If you’d like to see a protest, a big one happens every Monday in Independence Square. This is when the changing of the guard occurs, at 11:00am, and the president comes out onto the balcony. People take advantage of this, and try to get their voices heard. Moreover, the governmental palace, more commonly known as Carondelet Palace, is no longer inhabited by presidents, but is a free museum.

Fun fact: The last president who actually lived in Carondelet Palace claimed it had ghosts roaming the halls; however, most people believe this was just his conscience haunting him.

Independence Square, which used to be a bull fighting square, is surrounded by government buildings, religious quarters, and the oldest hotel in Quito, the Majestic Hotel, now called Plaza Grande Hotel. It’s also one of the most expensive, at $500 per night.

If you look at the statue in the center of the square, you’ll notice different symbols. The  lion represents the Spanish leaving Ecuador, the laurel leaf represents peace, the condor with the broken chain equals force, and the women represent justice. You’ll also notice the church behind the monument has an Arabic style roof. This is because for a long time the Arabs had control of the Spanish.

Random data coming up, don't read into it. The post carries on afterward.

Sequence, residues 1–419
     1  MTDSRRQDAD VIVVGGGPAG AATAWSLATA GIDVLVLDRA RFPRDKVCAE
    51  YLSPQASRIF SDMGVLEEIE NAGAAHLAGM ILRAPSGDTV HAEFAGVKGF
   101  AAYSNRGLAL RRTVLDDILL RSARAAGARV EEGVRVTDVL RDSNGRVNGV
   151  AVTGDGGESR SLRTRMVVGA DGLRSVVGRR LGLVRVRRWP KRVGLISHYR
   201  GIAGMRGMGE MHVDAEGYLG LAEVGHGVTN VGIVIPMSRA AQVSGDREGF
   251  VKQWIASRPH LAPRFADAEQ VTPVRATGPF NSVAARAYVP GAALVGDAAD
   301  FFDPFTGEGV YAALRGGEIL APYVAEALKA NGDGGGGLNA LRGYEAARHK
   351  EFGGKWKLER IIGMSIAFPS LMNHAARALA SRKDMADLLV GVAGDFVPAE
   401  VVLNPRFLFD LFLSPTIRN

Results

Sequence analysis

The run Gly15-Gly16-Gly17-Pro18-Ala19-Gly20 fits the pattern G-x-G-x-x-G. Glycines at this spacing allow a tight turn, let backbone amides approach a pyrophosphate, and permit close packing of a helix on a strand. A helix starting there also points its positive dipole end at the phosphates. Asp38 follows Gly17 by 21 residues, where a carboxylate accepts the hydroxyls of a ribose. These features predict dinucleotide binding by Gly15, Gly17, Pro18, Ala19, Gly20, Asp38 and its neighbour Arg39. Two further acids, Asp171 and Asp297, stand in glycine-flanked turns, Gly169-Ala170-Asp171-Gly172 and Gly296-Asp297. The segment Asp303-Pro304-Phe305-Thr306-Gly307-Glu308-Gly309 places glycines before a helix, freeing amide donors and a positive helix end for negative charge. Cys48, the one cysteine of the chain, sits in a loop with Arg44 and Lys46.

To see an Italian Renaissance style of church, we visited El Sagrario Church. It’s the newest church in Quito, so there are not a lot of cultural artifacts to be seen. Because of this, it’s free to enter. Inside, there are many flowers, spring colors, ornate gold alters, and candles, giving it a somewhat romantic or whimsical feel.

The biggest church in Quito is La Compania, which is done in a Baroque style. Many think that, of the 50 churches in the historic center, this is the best. Covered in 23 karat gold, it took from 1605 to 1765 to create. There’s also something very uncommon inside. Instead of just recognizing one religious denomination, all five catholic religions are acknowledged. While mass still occurs on Sundays, It’s a museum during the rest of the week.